The Morning Report
Get the news and information you need to take on the day.
The San Diego Unified school board needs money, so it’s turning to a capital appreciation bond, the same type of bond that got Poway’s school district in so much trouble a few years ago, reports Ashly McGlone.
Luckily, outrage over the terms of Poway’s deal led state regulators to put taxpayer safeguards on such borrowing practices, so San Diego’s new debt won’t be nearly as eye-popping.
In 2012, the Poway Unified School District got a load of bad publicity when we noticed its $105 million CAB would end up costing taxpayers $981 million by 2051 when it was paid off in full.
News of that extreme disparity led San Diego Unified, which was asking voters to approve its Prop Z bond measure at the time, to promise it wouldn’t use CABs in the program. But its earlier measure, Prop S, contained no such promise, and it’s as part of that program that the board’s now pursuing a new CAB.
The district’s new $100 million bond will end up costing taxpayers $235 million by 2040. It’s following new state rules that say the bonds need to be repaid within 25 years and cost no more than four times the principal.
The Fence That Brings a Neighborhood Together
Local artist J Ramond Mireles’s house is surrounded by the same sort of fence that surrounds many Logan Heights homes. His is bringing people together, instead of enforcing privacy.
He’s mounted seven large photographs along his fence’s exterior, each photo the face of someone from the neighborhood.
Logan Heights is mostly filled with black and brown people, and so is Mireles’ fence. He said none of his white neighbors have agreed to be photographed yet.
But the white artist thinks his project can help change the way city residents of different races interact.
“Before he moved to the neighborhood a few years ago, the longtime local said he rarely saw or interacted with non-white people,” writes Kinsee Morlan. “He said he thinks the majority of white San Diegans don’t interact much with people of other ethnicities either. He wants that to change and he thinks his public art project can help – or at least get people talking about race relations in San Diego.”
Behold, Your Nightmare Towing Stories
Liam Dillon recently uncovered just how much time and money members of the local towing industry were illegally pouring into local political elections.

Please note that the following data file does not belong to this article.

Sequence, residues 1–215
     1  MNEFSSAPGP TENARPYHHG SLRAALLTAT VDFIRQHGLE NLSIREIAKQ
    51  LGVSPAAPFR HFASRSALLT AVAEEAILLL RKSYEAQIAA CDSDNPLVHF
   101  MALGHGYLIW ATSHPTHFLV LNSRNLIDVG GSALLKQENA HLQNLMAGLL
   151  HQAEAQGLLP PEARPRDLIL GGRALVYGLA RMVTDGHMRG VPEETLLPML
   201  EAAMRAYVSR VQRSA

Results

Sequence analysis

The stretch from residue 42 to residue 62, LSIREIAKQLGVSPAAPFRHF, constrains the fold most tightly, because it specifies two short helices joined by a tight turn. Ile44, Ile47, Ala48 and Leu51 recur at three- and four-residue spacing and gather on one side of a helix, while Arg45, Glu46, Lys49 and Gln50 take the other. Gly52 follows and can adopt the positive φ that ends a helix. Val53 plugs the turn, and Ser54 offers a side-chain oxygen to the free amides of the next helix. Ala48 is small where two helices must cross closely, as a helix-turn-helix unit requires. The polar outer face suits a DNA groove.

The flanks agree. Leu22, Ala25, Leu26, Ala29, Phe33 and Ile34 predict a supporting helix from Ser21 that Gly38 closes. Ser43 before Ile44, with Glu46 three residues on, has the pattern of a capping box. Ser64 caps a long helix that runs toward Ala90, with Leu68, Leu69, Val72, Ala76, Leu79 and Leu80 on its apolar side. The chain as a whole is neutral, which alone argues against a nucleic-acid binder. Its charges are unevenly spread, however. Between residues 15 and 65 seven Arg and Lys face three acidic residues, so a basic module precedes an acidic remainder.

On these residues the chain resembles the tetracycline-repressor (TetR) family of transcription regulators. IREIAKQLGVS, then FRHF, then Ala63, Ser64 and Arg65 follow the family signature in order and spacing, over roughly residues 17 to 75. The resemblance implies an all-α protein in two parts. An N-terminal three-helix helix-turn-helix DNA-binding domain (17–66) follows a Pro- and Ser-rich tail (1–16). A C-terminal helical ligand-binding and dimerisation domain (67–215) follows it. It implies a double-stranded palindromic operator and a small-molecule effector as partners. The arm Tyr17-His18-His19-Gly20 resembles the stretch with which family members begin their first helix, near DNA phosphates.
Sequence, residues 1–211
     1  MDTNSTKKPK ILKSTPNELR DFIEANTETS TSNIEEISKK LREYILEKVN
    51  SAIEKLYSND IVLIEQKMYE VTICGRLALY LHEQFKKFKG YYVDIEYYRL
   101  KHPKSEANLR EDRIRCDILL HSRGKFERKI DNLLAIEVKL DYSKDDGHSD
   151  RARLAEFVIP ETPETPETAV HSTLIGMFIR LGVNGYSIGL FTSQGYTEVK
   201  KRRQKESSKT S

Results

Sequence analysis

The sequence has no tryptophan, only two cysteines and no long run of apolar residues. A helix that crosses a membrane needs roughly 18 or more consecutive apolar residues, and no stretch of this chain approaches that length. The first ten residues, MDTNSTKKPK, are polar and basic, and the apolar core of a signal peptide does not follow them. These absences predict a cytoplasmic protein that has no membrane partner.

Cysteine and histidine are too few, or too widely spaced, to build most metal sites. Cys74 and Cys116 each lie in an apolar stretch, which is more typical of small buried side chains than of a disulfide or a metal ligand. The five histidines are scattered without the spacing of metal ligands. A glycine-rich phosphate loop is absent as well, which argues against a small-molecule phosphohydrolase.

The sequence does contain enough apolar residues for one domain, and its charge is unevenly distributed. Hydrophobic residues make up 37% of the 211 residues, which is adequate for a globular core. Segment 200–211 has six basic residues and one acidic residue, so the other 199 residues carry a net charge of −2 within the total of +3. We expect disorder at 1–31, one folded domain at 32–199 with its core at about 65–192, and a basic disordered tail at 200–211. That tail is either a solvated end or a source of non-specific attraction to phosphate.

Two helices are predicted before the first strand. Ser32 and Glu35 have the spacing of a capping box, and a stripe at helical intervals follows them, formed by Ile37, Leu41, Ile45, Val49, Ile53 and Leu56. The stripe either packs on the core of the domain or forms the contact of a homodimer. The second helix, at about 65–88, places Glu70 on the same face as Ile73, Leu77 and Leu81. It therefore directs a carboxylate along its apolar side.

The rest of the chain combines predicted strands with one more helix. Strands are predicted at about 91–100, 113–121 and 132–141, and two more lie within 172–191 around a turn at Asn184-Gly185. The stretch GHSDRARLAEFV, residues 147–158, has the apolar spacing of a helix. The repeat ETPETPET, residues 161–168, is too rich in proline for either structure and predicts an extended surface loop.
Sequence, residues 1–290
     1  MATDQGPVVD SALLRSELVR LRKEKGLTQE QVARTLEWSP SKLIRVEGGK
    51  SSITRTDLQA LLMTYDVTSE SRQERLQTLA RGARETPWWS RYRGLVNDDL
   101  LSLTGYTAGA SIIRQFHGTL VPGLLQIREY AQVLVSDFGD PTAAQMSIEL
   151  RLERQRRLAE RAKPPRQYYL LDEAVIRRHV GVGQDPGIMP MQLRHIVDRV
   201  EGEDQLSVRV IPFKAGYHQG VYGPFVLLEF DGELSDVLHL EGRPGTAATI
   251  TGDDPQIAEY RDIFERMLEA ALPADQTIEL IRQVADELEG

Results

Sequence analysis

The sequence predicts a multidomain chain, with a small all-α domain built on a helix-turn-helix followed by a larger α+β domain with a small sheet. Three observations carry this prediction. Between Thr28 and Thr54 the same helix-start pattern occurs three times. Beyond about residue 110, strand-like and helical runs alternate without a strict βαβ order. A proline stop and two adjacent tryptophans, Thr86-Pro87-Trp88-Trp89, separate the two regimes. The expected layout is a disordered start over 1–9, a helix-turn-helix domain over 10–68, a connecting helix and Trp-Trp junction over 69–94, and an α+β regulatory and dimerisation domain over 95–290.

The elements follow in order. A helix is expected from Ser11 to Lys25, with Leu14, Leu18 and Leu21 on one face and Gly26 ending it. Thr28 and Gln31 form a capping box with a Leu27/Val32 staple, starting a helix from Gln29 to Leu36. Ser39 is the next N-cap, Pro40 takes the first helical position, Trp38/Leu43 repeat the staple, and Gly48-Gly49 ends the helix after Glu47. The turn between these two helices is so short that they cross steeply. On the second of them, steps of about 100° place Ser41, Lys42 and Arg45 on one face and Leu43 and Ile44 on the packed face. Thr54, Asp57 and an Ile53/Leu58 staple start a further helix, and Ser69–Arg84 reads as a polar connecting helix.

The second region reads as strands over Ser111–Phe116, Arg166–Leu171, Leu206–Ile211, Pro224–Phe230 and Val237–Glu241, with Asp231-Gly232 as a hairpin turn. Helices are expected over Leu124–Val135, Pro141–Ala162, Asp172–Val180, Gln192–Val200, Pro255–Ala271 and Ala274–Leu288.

But given the amount of time San Diegans spend in cars, we had a feeling our readers would have plenty of their own nightmare experiences with tow-truck drivers, and boy did you deliver. And they weren’t all negative!
Among the highlights: Former Assemblywoman Lori Saldaña recalls finding her illegally towed car and simply driving it out of the lot, before paying the tower a reduced fee, and El Cajon resident Steve Cirone found himself part of an apparently unjustified street clearing that brought in some $18,000 to the towing company that took care of it.
San Diegans Still Rely on Driving
New Census data released last week shows the overwhelming majority of San Diegans still drove themselves to work, and did so at essentially the same rates they did a year ago, KPBS’s Claire Trageser reports.
Last year, 83.1 percent of San Diegans drove themselves to work, about 5 percent less than 10 years ago.
That modest progress won’t get the city to the goals outlined in the Climate Action Plan it’s working to adopt. That calls for 50 percent of residents who live within a half mile of high-functioning transit stations to get to work without driving.
The Homes We Live in — in One Chart
One reason it takes so long to make those changes to how we get around is because commuting decisions are largely driven by the types of communities people call home.
Washington Post’s Wonkblog put together a chart of every major American city and the types of homes its residents live in.
In San Diego, like comparable cities Houston and Dallas, more than 40 percent of residents live in single-family homes that lend themselves to a car-dependent lifestyle.
Quick News Hits
• Water temperatures off the coast of San Diego are up 4 to 5 degrees, and it’s “sent Mother Nature into disarray.” (KPBS)
• Meanwhile, the tropical rains we’ve experienced all summer are about to give way to hot Santa Ana winds. (KPBS)
• A new memorial wall at Our Lady of Mount Carmel Catholic Church in San Ysidro commemorates families separated by deportation. (KPBS)
• Four candidates have stepped forward to fill a San Ysidro school board seat vacated by a board member’s August resignation. (Union Tribune)